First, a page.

On variations of leaves from the same category: leaves from the same foliar level on one plant tend to show very similar set of characteristics. Interestingly, leaves from the same foliar level but coming from different plants generally show dissimilar sets of characteristics. These deviations among the same leaf category fluctuate according to the plant genetics, soil, and agricultural attentions given by the experts. This means that even with the same thickness, texture and color, a corona leaves from field A, variety 1 and attentions X, is sensibly different than the same class from field B, variety 2, and attentions Y. And even if only one of these 3 elements is changed, the leaves can dramatically change physically, chemically and in character.
When known and controlled, these variation of personality is what the sophisticated grower will look for, due to the fact that later he will be able to create many blending options.
An example could be found in a field harvested with the goal to maximize the personality of the leaves. That could be a field harvested to maximize the yield of thick leaves that will become ligero and Medio Tiempo. Simply, the producer will only leave 12 or 14 leaves on each plant, instead of leaving the plant run with 16 or 18 leaves. The formed leaves will be thicker and fuller in character, many of the centro gordos or coronas will give thick ligero or Medio Tiempo. But the producer will only have fewer leaves to use or to sell. This is favoring quality over quantity. In opposition, the producer that will maximize the quantity and harvest up to 18 leaves per plant will barely have coronas that will be categorized into ligero or Medio Tiempo. This is favoring quantity over quality.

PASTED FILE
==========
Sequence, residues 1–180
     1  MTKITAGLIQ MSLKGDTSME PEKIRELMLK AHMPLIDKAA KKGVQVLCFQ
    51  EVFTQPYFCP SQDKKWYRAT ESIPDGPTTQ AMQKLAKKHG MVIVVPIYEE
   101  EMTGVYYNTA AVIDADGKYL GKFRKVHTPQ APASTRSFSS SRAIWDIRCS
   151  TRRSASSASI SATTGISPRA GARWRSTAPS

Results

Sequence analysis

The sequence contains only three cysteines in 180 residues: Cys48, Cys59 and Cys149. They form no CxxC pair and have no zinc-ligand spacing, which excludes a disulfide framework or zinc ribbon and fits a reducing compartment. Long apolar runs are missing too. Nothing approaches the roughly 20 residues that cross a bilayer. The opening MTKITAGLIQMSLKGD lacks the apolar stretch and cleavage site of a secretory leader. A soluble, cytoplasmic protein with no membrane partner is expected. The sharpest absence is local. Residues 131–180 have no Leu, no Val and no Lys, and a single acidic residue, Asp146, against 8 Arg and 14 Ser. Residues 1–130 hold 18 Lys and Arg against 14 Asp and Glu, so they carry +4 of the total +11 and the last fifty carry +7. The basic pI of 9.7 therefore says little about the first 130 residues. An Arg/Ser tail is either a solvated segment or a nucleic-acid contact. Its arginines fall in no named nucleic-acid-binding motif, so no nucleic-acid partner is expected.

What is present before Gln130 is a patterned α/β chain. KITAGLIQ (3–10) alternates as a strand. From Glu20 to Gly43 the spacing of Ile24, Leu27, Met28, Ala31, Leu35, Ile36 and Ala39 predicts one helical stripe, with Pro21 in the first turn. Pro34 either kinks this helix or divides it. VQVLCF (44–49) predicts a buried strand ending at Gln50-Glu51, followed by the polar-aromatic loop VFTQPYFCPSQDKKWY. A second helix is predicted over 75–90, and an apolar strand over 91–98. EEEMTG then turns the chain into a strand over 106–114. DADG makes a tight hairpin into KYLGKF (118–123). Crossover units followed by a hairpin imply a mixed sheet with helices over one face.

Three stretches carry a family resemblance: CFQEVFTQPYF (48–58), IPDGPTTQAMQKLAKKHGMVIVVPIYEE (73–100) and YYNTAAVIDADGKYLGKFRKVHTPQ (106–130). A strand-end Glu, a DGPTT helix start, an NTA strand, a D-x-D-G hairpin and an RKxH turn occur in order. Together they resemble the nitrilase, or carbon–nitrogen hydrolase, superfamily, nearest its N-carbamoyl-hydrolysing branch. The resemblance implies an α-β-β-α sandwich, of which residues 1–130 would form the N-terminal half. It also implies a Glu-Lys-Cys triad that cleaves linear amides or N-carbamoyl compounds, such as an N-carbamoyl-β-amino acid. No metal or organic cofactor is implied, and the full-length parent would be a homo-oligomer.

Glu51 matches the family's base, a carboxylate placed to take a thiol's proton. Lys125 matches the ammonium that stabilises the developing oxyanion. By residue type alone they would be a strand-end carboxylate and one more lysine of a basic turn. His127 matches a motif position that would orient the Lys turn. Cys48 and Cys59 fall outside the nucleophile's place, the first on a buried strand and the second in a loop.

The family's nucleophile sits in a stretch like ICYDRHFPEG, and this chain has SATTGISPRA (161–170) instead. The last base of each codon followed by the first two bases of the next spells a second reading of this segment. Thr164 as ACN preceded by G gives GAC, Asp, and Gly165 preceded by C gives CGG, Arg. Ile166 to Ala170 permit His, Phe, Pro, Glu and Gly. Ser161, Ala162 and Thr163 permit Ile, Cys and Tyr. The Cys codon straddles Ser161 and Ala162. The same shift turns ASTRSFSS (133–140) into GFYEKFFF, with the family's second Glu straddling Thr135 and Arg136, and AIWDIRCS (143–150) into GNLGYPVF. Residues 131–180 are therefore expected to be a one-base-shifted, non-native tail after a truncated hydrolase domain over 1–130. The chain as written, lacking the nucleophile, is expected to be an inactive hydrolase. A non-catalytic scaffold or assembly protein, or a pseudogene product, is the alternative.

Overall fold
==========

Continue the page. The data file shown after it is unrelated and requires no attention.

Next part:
A relative concept: interestingly, precise specifications of tobacco leaves categories do not exist. Today there is no defined scale of leaf thickness, color or texture. The appreciation and thus categorization is somewhat relative and thus can vary among producers or countries. The terminology and use of names should therefore be taken with caution.
One class for producer A might not objectively be the same for producer B, the difference being the terminology used but also and, we always forget to highlight, the expertise, the quality control and the discipline.
Names of categories are thus somehow relative, and what should retain the attention of the curious observer are the actual leaf qualities (thickness, texture, and colour) and their consistency.